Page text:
LES CAYES, Haiti — Haitians braced for a grim, rising death toll Friday as help slowly trickled into marooned areas of the country’s southwestern peninsula that was pummeled by Hurricane Matthew, the first Category 4 storm to hit Haiti in decades.
At least 283 people died in just one part of Haiti’s southwest, the region that bore the brunt of the storm, Emmanuel Pierre, an Interior Ministry coordinator in Les Cayes, told The Associated Press late Thursday.
The overall death toll in Haiti is not clear. Authorities expect the number of deaths to increase, with local officials in isolated areas reporting higher numbers. Most deaths are believed to have occurred in the southwest region.
“Devastation is everywhere,” said Pilus Enor, mayor of Camp Perrin, a town near the port city of Les Cayes on the peninsula’s south shore. “Every house has lost its roof. All the plantations have been destroyed. …This is the first time we see something like this.”
Officials were especially concerned about the department of Grand-Anse on the northern tip of the peninsula, where they believe the death toll and damage is highest. The 283 deaths reported by Pierre did not include Grand-Anse or its surrounding areas.
When Category 4 Hurricane Flora hit Haiti in 1963, it killed as many as 8,000 people.
More bodies began to appear Thursday as waters receded in some places two days after Matthew’s 145 mph (235 kph) winds smashed concrete walls, flattened palm trees and tore roofs off homes, forcing thousands of Haitians to flee.
Those killed in Haiti included a woman and her 6-year-old daughter who frantically abandoned their flimsy home and headed to a nearby church to seek shelter as Matthew surged in early Tuesday, said Ernst Ais, mayor of the town of Cavaillon.
“On the way to the church, the wind took them,” Ais said.
Officials said that food and water were urgently needed, noting that crops had been leveled, wells inundated by seawater and some water treatment facilities destroyed.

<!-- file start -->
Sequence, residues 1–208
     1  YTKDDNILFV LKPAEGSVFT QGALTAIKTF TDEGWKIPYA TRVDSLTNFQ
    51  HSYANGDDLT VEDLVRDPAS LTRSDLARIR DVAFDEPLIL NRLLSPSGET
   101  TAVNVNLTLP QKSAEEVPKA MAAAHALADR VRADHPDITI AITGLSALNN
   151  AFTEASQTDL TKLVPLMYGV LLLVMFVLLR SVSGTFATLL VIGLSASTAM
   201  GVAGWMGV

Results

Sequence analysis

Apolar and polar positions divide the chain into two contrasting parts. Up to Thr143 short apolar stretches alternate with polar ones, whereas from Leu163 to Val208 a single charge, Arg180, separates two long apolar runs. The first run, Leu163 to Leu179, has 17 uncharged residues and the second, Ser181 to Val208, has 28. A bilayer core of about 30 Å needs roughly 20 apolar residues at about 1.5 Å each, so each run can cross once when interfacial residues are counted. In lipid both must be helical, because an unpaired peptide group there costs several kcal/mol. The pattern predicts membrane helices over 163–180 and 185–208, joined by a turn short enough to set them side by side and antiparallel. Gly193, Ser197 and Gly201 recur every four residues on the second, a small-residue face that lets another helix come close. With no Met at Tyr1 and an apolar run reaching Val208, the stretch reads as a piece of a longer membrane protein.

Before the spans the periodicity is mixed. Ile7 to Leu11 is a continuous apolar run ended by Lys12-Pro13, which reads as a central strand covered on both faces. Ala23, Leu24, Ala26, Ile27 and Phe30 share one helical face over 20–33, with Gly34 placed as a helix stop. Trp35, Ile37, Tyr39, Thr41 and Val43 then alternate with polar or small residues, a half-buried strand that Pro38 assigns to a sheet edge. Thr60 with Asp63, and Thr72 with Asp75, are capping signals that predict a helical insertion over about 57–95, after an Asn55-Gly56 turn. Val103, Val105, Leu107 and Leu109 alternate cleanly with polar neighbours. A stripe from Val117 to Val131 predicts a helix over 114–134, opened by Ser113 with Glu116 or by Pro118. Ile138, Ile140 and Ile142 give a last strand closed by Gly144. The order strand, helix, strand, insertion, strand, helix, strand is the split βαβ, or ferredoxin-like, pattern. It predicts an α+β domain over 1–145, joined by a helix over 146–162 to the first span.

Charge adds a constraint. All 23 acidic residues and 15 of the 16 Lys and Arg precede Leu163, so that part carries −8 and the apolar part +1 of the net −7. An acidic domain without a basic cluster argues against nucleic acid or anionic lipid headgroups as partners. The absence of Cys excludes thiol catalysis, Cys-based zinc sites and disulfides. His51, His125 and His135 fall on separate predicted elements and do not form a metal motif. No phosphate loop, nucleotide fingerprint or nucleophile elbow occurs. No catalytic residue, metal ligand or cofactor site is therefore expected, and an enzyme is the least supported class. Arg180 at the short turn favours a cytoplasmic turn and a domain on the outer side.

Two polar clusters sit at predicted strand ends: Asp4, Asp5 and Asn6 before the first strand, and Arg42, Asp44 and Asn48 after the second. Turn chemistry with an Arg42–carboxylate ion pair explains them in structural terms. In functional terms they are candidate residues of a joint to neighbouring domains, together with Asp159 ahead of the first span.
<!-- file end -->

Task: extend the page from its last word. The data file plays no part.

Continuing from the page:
In Les Cayes, many people searched for clean water as they lugged mattresses and other belongings they were able to salvage.
“Nothing is going well,” said Jardine Laguerre, a teacher. “The water took what little money we had. We are hungry.”
Officials with the Pan American Health Organization warned about a possible surge in cholera cases because of the widespread flooding caused by Matthew. Haiti’s cholera outbreak has killed roughly 10,000 people and sickened more than 800,000 since 2010, when it was introduced into the country’s biggest river from a U.N. base where Nepalese peacekeepers were deployed.
Haiti’s government has estimated at least 350,000 people need some kind of assistance in what is likely to be the country’s worst humanitarian crisis since the devastating earthquake of January 2010.
International aid groups are already appealing for donations for a lengthy recovery effort in Haiti, the hemisphere’s least-developed and most aid-dependent nation.
In the coming days, the U.S. military expects to help deliver food and water to hard-hit areas via helicopter.
After passing over Haiti, Matthew hit Cuba’s lightly populated eastern tip Tuesday night, damaging hundreds of homes in the easternmost city of Baracoa but there were no reports of deaths. Nearly 380,000 people were evacuated and measures were taken to protect infrastructure.
Matthew advanced up the length of the Bahamas on Wednesday and Thursday, tearing roofs away, toppling trees and causing flooding that trapped some people in their homes. There had been no reports of casualties by late Thursday as the storm headed toward Florida’s coast.
Before hitting Haiti, the storm was blamed for four deaths in the Dominican Republic, one in Colombia and one in St. Vincent and the Grenadines.
Story: David McFadden, Pierre Richard Luxama